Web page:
The Path of Wisdom

Jñāna Yoga

Life, as best as we can figure out, is an unfathomably infinite, paradoxical tapestry of timeless conscious energy; in which Love appears to the driving force, we are all eternally One, and the Truth of which lays far beyond the comprehension of our thinking minds

Perhaps it is for these reasons that the human condition is often defined as suffering, and being lost in thought, as the puzzle of our true origin is an intrinsically painful one for us to solve. In the absence of a solution to this problem, we scramble around for identity, security, belonging and meaning

It is the destiny of many to remain unaware of their non-dualistic nature during their lifetime, but for those compelled by an inner calling, the practice of yoga, which means union – of body, mind, soul and spirit – serves as a means by which the cycle of suffering can be transcended, and Self-Realisation achieved

Yoga was originally conceived as a system with which the chaotic activity of the unbridled mind could be brought under control, and whilst today there are numerous variations of yoga practice, all share this same fundamental purpose

Originally however, the Vedic texts defined 3 paths of yoga which were: Bhakti Yoga (the path of Devotion), Karma Yoga (the path of Action), and Jñāna Yoga (the path of Knowledge)

Of the 3 yogas, Jñāna Yoga is considered to be the oldest and most challenging form. A pre-existing appreciation of the other yoga practices is typically recommended before embarking on this path; and a combination of strong will, intellect, humility and compassion are required – to tackle the existential concepts of ‘formless reality’ and the divinity of humankind, without the mind becoming enmeshed and entangled with form in the process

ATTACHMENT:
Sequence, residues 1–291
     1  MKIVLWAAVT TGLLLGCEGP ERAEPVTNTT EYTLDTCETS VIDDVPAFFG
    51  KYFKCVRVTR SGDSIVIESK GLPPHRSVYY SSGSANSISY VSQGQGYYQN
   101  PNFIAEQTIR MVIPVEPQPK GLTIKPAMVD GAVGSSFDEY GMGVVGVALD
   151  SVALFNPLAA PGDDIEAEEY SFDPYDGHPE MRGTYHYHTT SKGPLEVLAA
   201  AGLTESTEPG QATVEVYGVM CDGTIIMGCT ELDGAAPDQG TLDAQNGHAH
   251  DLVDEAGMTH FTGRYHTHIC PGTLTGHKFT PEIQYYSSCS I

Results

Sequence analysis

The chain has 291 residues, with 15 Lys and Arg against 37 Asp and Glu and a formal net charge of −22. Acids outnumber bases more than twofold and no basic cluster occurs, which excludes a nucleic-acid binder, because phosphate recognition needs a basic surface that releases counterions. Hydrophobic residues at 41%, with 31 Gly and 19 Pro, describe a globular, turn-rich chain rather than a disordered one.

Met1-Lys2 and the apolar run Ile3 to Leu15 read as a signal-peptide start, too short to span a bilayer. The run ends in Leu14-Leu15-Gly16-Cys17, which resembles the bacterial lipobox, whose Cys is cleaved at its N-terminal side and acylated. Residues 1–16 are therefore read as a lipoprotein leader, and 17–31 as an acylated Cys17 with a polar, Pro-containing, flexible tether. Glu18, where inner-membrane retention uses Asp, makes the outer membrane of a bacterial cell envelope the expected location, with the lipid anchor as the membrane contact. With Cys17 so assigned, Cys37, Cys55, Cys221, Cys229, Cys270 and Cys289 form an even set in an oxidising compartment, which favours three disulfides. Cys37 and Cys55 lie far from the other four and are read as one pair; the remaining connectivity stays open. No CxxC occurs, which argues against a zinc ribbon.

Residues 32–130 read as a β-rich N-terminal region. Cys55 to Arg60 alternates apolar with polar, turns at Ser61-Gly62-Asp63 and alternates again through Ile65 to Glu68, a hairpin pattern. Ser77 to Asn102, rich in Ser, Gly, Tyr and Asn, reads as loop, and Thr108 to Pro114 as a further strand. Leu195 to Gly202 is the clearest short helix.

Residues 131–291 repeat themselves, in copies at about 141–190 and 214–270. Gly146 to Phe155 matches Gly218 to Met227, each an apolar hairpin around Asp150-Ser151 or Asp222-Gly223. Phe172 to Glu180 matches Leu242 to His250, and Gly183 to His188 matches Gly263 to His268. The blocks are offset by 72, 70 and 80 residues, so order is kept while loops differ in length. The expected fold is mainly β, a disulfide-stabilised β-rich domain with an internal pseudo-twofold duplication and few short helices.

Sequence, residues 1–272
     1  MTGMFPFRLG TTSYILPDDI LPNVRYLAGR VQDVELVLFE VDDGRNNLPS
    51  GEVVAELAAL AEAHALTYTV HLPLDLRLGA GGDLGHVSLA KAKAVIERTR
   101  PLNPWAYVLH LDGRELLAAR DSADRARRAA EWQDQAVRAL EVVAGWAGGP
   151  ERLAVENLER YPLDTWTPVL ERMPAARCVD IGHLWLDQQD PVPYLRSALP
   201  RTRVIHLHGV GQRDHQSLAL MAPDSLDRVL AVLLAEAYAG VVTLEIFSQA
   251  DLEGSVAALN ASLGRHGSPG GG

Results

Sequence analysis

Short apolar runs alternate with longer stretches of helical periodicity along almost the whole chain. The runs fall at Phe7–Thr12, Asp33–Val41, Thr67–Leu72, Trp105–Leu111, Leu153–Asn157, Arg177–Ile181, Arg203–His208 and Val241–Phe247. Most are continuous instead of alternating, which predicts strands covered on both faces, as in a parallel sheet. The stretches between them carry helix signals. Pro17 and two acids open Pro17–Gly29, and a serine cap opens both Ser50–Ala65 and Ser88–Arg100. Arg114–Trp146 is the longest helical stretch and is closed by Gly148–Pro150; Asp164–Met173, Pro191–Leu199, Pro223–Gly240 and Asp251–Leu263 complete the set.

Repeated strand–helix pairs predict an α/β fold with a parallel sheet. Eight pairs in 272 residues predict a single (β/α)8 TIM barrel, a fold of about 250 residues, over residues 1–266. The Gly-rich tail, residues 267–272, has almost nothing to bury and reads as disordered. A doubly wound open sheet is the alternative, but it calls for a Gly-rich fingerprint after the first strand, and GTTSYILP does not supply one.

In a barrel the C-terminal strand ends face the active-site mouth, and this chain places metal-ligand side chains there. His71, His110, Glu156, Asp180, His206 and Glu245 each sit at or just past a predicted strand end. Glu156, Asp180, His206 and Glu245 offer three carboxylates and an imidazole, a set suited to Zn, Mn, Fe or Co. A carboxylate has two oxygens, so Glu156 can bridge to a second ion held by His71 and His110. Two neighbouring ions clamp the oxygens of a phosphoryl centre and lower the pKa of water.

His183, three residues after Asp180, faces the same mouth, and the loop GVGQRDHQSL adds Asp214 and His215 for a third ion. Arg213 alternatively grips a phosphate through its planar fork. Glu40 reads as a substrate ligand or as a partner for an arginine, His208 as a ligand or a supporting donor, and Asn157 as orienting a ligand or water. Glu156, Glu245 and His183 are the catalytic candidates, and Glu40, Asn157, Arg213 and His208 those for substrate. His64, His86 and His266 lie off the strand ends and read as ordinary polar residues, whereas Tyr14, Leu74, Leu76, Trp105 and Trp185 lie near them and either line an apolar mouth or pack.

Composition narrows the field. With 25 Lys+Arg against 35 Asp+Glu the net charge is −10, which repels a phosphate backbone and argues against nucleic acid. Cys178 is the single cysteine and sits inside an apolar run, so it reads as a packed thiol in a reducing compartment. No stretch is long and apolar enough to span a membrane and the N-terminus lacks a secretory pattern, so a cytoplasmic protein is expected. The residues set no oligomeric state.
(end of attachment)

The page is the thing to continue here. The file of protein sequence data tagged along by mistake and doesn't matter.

Jñāna Yoga teaches that the 3 steps required in order to achieve Moksha (liberation) are:

Viveka – The distinction of Self from non-Self, and reality from illusion
Vairagya – Detachment from worldly pains and pleasures
Shatsampat – Stabilisation of the mind and emotions through 6 virtues

These 6 virtues are:

Shama – Calmness and peaceful mind
Dama – Rational control of senses
Uparaki – Withdrawal from worldly distractions
Titiksha – Endurance and perseverance through suffering
Shraddha – Intense faith; mental balance and concentration
Samadhana – A yearning for liberation, to the point that other desires fade

With these steps and virtues, it is taught that one can transcend the 5 Kleshas (causes of suffering), which are:

Avidya – Ignorance: Not knowing our true nature
Asmita – Egoism: Identification with form
Raga – Attachment: To worldly pleasures
Dvesha – Aversion: To pain and suffering
Abhinivesha – Fear: Of the unknown

The texts also tell us that by correcting the first cause – by remembering who we truly are – the others fall away and cease to be of concern

The different yogic paths suit our differing personalities; however, all share the same source, and lead to the same place; and ultimately a union of all yogas takes place within us as we advance on our journeys

For reasons self-evident, THE PATH OF ONE shares an affinity with the path of Jñāna Yoga, which is particularly well-suited to being melded with Psychosynthesis for the resulting amalgam of psychotherapeutic practice and spiritual guidance the combination provides


Sheldon Reed

THE PATH OF ONE is but one expression of perennial wisdom, hiding in plain sight for all to see when ready

If this particular expression resonates with you, I would be delighted to discuss it further - and can be reached per the Contact Info in About (and key details below)

With Love

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